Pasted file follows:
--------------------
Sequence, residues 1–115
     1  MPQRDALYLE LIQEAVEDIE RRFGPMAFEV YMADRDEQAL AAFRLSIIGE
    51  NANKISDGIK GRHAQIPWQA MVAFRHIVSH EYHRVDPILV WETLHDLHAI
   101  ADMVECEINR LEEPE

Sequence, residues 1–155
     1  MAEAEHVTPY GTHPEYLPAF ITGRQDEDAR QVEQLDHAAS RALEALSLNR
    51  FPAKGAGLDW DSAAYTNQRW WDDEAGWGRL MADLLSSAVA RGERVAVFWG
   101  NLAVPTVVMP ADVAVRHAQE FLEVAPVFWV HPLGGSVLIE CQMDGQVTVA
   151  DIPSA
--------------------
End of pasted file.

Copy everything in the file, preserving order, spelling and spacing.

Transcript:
Sequence, residues 1–115
     1  MPQRDALYLE LIQEAVEDIE RRFGPMAFEV YMADRDEQAL AAFRLSIIGE
    51  NANKISDGIK GRHAQIPWQA MVAFRHIVSH EYHRVDPILV WETLHDLHAI
   101  ADMVECEINR LEEPE

Sequence, residues 1–155
     1  MAEAEHVTPY GTHPEYLPAF ITGRQDEDAR QVEQLDHAAS RALEALSLNR
    51  FPAKGAGLDW DSAAYTNQRW WDDEAGWGRL MADLLSSAVA RGERVAVFWG
   101  NLAVPTVVMP ADVAVRHAQE FLEVAPVFWV HPLGGSVLIE CQMDGQVTVA
   151  DIPSA